Portland residents Kaitlyn Dow (front left), Kailee Denney and Melodi Haley clap Monday after city council approved contributing up to $2.25 million to build a new city pool. Council had voted 4-3 against a similar proposal at its previous meeting. (The Commercial Review/Ray Cooney)
Portland residents Kaitlyn Dow (front left), Kailee Denney and Melodi Haley clap Monday after city council approved contributing up to $2.25 million to build a new city pool. Council had voted 4-3 against a similar proposal at its previous meeting. (The Commercial Review/Ray Cooney)
Portland City Council on Monday voted unanimously to make a major contribution to a new pool.
The unanimous vote followed a 4-3 vote against a similar motion at the last council meeting.
The city will contribute $2.25 million to help build a new Portland Pool if the project meets the estimated cost of $3.29 million. If the bids fall short of that figure, the city will contribute 68.4 percent of the total cost.
Portland Park Board president Rod Ashman said he was happy the council decided to contribute to the pool.
“I feel really good. I mean, I was shocked that we got a 7-0 vote, but that shows the city feels how important that is,” Ashman said.
The work toward building a new pool has been in progress for well over a year, and Ashman thanked the pool advisory committee for its efforts in researching the project.
“Everybody has worked really hard for it. Now we have to go out and raise some money, but now we get to build a pool. I think they’ll be glad that they voted for it. The city will be glad. It’ll be something to be proud of,” he said.
The motion came after discussion among council members about the city’s future financial commitments.
Councilmen Kip Robinette and Bill Gibson expressed concerns about spending a major chunk of the city’s cash reserves on the pool when there are other city projects that need to be paid for.
“We’ve still got roughly $12 million laying out there right now that we owe and probably another $20 to $25 million hitting us in the face in the near future with separation mandates, which is a pretty good chunk of money,” Gibson said.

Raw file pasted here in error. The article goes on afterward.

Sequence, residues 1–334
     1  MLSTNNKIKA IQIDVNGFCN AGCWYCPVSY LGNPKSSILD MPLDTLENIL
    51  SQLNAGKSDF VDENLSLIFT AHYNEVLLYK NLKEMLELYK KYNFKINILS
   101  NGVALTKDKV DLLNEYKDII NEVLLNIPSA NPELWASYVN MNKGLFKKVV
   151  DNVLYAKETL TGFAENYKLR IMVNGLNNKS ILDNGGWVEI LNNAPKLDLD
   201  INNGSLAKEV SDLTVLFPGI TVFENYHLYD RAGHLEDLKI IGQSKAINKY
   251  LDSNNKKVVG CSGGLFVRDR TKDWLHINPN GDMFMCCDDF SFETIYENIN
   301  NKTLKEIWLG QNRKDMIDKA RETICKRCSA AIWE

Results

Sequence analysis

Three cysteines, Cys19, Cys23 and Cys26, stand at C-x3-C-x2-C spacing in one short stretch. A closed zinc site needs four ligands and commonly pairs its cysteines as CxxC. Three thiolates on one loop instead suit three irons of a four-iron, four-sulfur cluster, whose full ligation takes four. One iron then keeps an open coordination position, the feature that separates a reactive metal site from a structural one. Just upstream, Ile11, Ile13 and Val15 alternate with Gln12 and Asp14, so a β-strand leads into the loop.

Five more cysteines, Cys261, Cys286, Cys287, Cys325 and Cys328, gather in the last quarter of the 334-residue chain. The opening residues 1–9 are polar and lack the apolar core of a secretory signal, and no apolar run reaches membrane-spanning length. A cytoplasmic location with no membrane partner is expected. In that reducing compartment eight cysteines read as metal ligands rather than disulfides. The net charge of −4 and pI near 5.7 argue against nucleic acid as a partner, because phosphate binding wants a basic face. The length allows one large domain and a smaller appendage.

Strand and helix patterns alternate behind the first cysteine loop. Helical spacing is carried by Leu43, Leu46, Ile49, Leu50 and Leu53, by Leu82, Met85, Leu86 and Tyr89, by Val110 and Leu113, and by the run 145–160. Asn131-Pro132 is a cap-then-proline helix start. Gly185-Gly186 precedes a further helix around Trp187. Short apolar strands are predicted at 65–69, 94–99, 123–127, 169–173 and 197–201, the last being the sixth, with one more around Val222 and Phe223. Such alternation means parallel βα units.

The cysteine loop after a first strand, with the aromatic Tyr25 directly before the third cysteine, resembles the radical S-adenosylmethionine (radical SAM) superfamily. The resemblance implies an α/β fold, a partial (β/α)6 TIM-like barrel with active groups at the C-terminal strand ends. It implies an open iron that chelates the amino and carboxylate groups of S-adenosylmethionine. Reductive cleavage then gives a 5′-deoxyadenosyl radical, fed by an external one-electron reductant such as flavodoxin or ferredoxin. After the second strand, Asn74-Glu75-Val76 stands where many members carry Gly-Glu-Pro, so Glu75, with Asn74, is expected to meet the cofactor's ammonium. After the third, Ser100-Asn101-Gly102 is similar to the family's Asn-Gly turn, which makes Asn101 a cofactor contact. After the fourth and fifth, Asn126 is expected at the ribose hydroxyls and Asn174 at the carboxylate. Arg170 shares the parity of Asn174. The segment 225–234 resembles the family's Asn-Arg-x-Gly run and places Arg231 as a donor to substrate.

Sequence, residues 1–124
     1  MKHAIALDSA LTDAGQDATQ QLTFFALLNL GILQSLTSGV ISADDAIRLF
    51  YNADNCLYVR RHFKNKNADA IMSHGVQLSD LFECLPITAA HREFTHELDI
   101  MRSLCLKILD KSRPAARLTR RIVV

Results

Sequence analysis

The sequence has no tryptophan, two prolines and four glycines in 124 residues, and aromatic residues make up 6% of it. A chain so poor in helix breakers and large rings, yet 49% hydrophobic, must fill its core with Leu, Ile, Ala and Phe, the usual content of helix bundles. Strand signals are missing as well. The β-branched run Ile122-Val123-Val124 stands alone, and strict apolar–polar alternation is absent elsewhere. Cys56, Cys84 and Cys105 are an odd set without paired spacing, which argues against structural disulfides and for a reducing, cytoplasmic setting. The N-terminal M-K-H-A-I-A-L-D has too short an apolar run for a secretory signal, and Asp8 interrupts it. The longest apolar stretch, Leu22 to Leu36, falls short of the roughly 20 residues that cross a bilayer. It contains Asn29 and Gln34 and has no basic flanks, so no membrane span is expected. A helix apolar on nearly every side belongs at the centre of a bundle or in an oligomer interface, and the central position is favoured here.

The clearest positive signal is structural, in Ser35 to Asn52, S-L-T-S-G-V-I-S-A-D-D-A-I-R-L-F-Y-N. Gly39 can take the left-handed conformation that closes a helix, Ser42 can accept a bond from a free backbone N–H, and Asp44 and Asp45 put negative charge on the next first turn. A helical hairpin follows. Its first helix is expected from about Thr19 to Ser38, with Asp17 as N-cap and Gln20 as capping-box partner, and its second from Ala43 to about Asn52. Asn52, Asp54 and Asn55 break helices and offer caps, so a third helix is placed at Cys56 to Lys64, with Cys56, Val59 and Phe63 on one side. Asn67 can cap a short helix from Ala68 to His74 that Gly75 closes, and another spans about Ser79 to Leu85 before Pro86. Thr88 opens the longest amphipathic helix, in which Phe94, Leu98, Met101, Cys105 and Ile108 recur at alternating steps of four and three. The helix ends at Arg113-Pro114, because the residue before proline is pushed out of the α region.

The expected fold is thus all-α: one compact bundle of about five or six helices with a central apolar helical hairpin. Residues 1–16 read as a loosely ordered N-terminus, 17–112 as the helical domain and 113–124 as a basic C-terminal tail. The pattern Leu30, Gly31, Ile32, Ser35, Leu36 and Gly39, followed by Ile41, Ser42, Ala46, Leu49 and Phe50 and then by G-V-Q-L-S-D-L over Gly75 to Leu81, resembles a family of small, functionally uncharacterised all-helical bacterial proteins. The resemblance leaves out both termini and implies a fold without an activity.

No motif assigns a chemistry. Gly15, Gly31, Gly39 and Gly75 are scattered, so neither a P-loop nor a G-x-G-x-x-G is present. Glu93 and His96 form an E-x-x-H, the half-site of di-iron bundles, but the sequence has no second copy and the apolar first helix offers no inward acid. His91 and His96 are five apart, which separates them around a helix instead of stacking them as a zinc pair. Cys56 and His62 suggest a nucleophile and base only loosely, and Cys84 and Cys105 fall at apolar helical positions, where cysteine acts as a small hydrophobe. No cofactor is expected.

Robinette said the city will have to look at doing a bond issue and raising sewer rates again in the future.
“What kind of money are we looking at on these projects,” he asked. “I’m just trying to get a handle on in the near future what we’re going to be committing or need to be committing.”
Councilman Kent McClung said the pool is a quality life issue, and building a new pool will draw people to Portland, which may not happen without it.
“The sewage separation is going to have to happen.
“My fear is that if we don’t offer a quality of life to mitigate that cost, we could end up having wonderful sewers and nobody using them or not as many people as we need to be,” he said.
He said a new pool will have a positive impact on all Portland citizens, offering a recreational activity for everyone during the summer.  
“When I grew up, we had a pool. The people who built the pool in 1960, the people that sat here, spent the money to have the pool,” said McClung. “It helps keep a population in Portland that might go someplace else.”
Portland Mayor Randy Geesaman said new and expanding economic development projects will help grow the tax base in the next few years.
“I don’t see us decreasing revenue,” he said. “I’m hoping if we continue down the road, and the City of Portland grows, that our tax base will expand so the concerns about, are we going to be able to afford all of this, I think we can alleviate that.”
McClung offered an almost identical motion to the one he made two weeks ago, but added the percentage on a sliding scale based on the final cost of the pool.
Robinette, who voted against the previous motion, said he voted in favor of the motion Monday night because the percentage clause was added.
“I didn’t vote ‘no’ last time against the proposal, I vote against the amount. There wasn’t a percentage involved in the amount last time,” he said. “I’m still uncomfortable with the amount because down the road we’re going to raise rates and bond, irregardless (sic) of what we did tonight, it’s just going to come sooner now.”
Councilman Michael Brewster also previously voted against the motion, saying he needed more time to consider the city’s financial outlook.
“I just wanted the numbers, to see where we were at,” he said Monday night. “I was comfortable with the $2.25 million after I thought about it.”
The next step in the pool project is hammering out details and bidding, Ashman said following the meeting. The park board will meet at 7 p.m. tonight at the Street Department building.
“Even though we presented a rough draft of a pool, we’ll get more drawings. Then it’ll go through a bidding process. It’ll probably take all summer to find the right pool that we want and the people to build it,” he said. “We’d like to get that started in August. If we can get that process started in August, we’ll have a new pool in the spring.”
In other business Monday, council members Gillespie, McClung, Brewster, Judy Aker, Gibson, Robinette and Mark Hedges:
•Voted to set aside the money for the Geesaman Industries replacement project.
•Learned the city-wide cleanup will be from May 12 through May 16.
•Learned the community cookout will be from 11 a.m. to 1 p.m. Thursday behind city hall.
•Approved $934,861.17 in claims.